Franz Kafka’s chilling tale, The Metamorphosis, is about a man who wakes up one day to find himself transformed into a giant insect. The change in his physical being affects Gregor deeply as he struggles to find his place in the world. He despairs the idea of being trapped under his family’s roof with no way of supporting himself. He senses that his world has changed irrevocably and that he will never be able to return to the way he was before.
The story’s publication in 1915 to wide critical acclaim is a remarkable illustration of the effect that Kafka’s work can have on people.
What two shifts occur at the end of The Metamorphosis?
After Gregor Samsa wakes up in his bug-like form and his family throws him out, he returns to his home and finds that “all [is] quiet right through the house.” What has happened to his family? This is the first shift: we realize that after Gregor’s transformation, something else has happened to his family – they must have died. Second, after Gregor returns home, he finds that he no longer can return to the way he was before. This is the second shift: Gregor now must try to adapt to his new body and the new way of life.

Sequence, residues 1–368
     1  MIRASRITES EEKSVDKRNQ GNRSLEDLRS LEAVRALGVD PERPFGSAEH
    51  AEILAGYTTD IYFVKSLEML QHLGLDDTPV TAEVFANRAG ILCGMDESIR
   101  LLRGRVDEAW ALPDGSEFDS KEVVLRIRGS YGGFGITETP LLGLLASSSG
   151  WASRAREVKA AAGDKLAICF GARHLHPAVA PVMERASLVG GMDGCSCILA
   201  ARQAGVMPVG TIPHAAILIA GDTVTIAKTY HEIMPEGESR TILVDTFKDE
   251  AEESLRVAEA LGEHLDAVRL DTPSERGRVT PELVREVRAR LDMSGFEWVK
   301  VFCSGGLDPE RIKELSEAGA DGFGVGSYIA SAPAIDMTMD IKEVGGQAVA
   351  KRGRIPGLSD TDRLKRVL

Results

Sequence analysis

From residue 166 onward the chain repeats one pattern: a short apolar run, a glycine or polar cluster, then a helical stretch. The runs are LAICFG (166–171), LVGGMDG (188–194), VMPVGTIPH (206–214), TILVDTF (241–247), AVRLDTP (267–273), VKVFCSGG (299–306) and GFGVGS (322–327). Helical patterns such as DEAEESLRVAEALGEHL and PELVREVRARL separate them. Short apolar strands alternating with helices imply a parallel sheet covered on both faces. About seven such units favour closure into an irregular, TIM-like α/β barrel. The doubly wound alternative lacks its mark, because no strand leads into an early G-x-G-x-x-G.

How did these two shifts change the story and the reader’s perspective on it?
The reader’s perspective on the story changes because they now have sympathy for Gregor since he didn’t have anything to do with the death of his family. They also understand why he is given the task of adapting to his new body.
How does the story of The Metamorphosis echo the story of The Odyssey?
In The Metamorphosis, Franz Kafka tells the story of Gregor Samsa who wakes up as a giant insect and realizes that he is now trapped in his own body. In The Odyssey, Homer tells the story of a warrior named Odysseus who is shipwrecked on an island and is faced with a long journey back to his home. Somewhere along the way, Odysseus must face more obstacles and transformations. The one thing that both of these stories have in common is the idea of transformation.